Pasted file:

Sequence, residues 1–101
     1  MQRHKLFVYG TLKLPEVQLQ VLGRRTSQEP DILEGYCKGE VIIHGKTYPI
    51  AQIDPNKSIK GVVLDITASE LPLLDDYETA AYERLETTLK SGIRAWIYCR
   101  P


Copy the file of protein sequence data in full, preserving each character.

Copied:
Sequence, residues 1–101
     1  MQRHKLFVYG TLKLPEVQLQ VLGRRTSQEP DILEGYCKGE VIIHGKTYPI
    51  AQIDPNKSIK GVVLDITASE LPLLDDYETA AYERLETTLK SGIRAWIYCR
   101  P